Bergdahl – in the same breath one will say We do not really know what
    happened and then turn around and describe in detail how he is a traitor
    and walked away from his post. WTF? Smells like a vituperative
    campaign orchestrated by some others who might have something to hide
    and who had hoped that this would just go away as they thought he would
    never return alive.
    Beware

    of Political Spin trashing a soldier that has been held prisoner before

    anyone has even spoken to him; and, beware of these other soldiers

    coming out in his unit against him – There are all kinds of reasons

    that this might be done – It might be true, but then why was he promoted

    while in captivity – wouldn’t a warrant for arrest have been more

    appropriate, if it where true – then why not wait

    to place him in cuffs and arrest him upon being turned over, —- it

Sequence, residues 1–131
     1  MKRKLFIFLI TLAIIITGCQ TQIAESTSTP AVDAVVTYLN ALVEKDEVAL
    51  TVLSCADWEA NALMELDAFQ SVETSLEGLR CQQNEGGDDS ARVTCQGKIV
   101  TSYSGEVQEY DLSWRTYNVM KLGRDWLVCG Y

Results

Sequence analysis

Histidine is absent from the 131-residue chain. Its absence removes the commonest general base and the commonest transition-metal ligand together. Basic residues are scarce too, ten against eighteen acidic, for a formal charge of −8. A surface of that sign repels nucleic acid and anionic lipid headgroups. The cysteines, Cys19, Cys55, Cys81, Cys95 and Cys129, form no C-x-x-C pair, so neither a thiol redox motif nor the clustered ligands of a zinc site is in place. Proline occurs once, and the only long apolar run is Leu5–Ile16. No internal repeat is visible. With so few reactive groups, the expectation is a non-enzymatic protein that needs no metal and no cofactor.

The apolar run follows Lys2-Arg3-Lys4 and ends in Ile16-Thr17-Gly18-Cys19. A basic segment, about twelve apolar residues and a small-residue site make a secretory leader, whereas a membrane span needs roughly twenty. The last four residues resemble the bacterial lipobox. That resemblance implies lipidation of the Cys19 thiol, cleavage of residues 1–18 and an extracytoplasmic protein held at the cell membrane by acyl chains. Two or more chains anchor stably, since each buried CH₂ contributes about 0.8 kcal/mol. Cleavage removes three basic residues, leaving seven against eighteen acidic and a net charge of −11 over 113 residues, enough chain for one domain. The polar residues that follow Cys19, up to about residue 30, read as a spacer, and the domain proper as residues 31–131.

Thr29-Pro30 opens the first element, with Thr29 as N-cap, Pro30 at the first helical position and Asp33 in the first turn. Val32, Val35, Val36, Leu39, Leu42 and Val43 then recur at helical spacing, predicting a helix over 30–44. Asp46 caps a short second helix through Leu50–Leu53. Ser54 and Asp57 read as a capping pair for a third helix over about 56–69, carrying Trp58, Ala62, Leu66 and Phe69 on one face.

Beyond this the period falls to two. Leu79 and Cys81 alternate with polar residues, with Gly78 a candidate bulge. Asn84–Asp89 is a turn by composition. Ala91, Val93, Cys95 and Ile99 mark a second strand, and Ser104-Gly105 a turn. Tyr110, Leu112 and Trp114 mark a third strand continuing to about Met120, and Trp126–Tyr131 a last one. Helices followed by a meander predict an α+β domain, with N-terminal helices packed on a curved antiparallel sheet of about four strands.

is more likely that he was being harassed by other soldiers or

    supervisors because he held different opinions, Even more likely – he

    knows of some war crime by the unit and they must now trash him to

    cover it up – they had hoped that he would never have been rescued and

    continued to promote him in absentia to assist in this cover up as he

    would never be available for comment or so they thought, or —- he may

    have had a nervous breakdown; or he may have been forced to come with

    the captors to be used in the future just for the very reason that he

    has been used for – as an exchange for some of the Taliban Leadership.

    ??????????????????????????/

    The Military would never promote someone that it suspected of treason.

    If you read the comments too by some of those soldiers denouncing